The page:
Published On: Mon, May 19th, 2014

How We Should Have Reacted To Donald Sterling’s Racist Views

Another day, another racist Donald Sterling sound bite.  We’re in America, the land of free speech, so he’s free to keep on talking. I say, let him, but in the meantime, I’m hitting him where he’ll really feel the pain and you should do the same.

That people with racist views exist should surprise no one.  That these individuals are in positions of power and influence should once again not surprise anyone.  That they might even sign our paychecks and own our housing shouldn’t give you pause.  That people who appear on our television screens say dumb, racially insensitive things isn’t surprising to me.  What should affect you is that we choose to continue to support these individuals once we become aware of their views.

What? You think that you don’t? Oh, but you do.

When Donald Sterling was forced to pay the largest fine in housing history for discriminatory practices in evaluating potential tenants, no one batted an eye.  In fact, there we were, still applying to get into his buildings, putting money in his pocket every single month.  He was sued many times for discrimination, even by his own employees, and there we still

no money for you!

Stop giving Donald Sterling your money!

were, supporting the team.

The racism that we now face occur behind closed doors and sometimes only come to light when a recording is made public or when someone bombs an interview and tells us how they really feel.  The way to affect change when someone offends you is not by immediately starting a picket line or arranging a march.  While they were effective in the Civil Rights era, and they helped to shed light on many of the injustices that people of color often endured, those are not the only options for voicing our displeasure today.  We are in an age when everyone speaks the same universal language – the language of money. These days you affect change by taking money out of the individual’s pocket and wrestling power and control out of their hands and publicly shaming them.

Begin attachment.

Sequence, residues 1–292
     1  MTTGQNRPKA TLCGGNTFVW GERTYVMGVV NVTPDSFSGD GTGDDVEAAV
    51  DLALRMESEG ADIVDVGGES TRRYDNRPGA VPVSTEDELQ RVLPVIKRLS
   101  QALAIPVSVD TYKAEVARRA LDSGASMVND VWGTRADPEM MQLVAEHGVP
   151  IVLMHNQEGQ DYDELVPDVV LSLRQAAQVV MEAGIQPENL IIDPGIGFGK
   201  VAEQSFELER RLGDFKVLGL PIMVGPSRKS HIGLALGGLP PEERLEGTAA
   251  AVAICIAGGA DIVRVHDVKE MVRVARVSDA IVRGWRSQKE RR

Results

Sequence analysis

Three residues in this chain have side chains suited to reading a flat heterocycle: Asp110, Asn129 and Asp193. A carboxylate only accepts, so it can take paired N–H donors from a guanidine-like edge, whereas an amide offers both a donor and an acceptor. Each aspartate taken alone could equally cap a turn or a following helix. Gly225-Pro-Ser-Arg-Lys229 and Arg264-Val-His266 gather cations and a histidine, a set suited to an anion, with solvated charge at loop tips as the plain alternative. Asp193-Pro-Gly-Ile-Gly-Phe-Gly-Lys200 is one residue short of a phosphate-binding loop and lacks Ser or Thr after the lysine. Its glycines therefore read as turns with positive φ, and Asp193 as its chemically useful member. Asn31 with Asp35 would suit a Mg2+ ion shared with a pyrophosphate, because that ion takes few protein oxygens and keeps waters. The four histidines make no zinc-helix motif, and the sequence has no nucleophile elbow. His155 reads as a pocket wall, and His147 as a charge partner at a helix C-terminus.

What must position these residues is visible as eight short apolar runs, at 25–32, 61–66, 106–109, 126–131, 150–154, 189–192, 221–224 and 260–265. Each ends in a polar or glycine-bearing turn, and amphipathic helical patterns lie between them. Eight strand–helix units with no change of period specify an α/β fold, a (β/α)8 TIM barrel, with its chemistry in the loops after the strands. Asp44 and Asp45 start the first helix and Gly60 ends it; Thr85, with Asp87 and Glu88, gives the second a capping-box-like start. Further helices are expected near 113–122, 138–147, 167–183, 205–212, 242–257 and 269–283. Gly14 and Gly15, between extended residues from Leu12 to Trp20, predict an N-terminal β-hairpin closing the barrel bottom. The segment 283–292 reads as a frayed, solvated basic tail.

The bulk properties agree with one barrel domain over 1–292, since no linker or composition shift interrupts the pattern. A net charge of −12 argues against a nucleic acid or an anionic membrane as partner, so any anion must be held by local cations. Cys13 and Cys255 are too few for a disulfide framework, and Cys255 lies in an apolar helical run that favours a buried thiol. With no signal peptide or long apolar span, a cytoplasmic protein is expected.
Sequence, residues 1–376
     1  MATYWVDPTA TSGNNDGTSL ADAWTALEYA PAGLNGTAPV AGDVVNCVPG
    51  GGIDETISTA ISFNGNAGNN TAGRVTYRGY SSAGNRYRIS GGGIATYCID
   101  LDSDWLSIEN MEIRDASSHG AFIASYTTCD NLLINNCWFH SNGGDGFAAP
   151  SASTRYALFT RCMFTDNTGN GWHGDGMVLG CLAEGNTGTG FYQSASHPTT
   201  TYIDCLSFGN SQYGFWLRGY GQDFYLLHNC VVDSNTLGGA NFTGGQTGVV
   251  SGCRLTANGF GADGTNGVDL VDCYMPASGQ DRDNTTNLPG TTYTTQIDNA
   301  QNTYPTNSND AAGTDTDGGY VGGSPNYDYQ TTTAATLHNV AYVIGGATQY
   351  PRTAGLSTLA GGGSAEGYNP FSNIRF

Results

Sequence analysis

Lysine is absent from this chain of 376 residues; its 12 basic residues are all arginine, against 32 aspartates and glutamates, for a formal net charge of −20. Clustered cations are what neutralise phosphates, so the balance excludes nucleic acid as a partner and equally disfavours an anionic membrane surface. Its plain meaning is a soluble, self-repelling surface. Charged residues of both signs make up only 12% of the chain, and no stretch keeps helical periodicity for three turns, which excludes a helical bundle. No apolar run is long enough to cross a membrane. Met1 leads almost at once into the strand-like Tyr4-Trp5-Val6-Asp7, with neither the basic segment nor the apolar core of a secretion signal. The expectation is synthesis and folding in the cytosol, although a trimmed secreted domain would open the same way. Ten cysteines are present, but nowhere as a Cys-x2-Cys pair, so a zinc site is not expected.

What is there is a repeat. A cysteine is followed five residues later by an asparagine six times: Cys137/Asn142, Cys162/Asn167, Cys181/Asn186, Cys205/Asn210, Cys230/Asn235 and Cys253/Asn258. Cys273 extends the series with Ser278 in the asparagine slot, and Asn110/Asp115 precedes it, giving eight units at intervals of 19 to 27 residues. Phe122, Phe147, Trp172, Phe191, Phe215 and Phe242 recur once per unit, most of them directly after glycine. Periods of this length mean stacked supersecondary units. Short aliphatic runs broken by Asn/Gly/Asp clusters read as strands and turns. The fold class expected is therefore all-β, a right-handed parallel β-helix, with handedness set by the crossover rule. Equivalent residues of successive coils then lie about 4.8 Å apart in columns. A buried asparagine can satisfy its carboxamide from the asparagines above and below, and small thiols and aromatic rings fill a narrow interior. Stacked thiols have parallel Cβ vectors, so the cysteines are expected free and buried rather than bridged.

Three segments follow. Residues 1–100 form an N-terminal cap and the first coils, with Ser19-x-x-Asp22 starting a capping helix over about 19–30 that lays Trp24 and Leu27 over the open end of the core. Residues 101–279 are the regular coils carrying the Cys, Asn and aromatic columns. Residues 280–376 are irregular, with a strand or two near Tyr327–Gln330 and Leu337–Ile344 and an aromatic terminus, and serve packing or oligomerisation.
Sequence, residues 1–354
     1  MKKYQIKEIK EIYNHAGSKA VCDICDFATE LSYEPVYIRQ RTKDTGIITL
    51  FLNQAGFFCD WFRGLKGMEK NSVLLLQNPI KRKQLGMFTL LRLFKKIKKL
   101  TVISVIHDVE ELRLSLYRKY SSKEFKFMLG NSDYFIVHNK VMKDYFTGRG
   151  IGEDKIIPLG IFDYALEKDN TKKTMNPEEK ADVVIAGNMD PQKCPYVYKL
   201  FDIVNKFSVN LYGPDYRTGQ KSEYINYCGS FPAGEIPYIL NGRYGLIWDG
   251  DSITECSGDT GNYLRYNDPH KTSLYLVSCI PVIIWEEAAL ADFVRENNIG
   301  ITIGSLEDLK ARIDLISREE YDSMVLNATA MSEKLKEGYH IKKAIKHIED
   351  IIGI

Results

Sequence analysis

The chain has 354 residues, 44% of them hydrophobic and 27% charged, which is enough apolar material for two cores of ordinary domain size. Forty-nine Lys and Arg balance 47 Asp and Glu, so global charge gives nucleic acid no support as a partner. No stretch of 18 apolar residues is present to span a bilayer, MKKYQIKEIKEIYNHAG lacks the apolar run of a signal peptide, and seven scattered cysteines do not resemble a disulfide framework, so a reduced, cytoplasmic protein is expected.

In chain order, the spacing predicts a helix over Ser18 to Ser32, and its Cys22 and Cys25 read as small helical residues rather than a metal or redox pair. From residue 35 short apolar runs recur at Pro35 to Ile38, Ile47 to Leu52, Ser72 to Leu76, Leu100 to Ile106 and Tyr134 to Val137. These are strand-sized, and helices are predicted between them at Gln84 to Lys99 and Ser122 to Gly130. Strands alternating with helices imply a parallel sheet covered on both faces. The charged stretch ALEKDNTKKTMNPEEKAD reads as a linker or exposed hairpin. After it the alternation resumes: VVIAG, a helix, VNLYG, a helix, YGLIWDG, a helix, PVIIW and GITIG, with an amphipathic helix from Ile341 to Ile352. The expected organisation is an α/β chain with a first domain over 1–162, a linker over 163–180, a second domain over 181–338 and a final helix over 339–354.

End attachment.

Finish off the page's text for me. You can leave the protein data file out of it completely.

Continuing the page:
If you think that the NBA commissioner acted so quickly because people were offended, think again.  He moved fast because of two things: Clippers advertisers were dropping like flies almost immediately; and the Clippers players who were in the middle of NBA playoffs were considering a strike.  Both of these things would have affected the NBA organization in a large financial way.  Having millions of dollars yanked out from under their feet in only a few days forced the NBA to take swift and decisive action.

Let’s not forget that the Clippers players and staff were the true victims here.  Doc Rivers made a very valid point in his press conference about the pressure that the players felt to react to the owners’ statements.  There as an immense amount of media scrutiny on the players and what their response would be to what their boss had said on tape, but where this same pressure on Donald Sterling?  What did we expect the players to do, put their contracts and livelihoods in jeopardy by quitting their teams? Some will say yes.  I say no.  They are at work and they performed their jobs.  If your boss made a disparaging remark about you and your coworkers would you immediately go on strike or would you first lodge a complaint with your local Human Resources department or even your manager’s boss?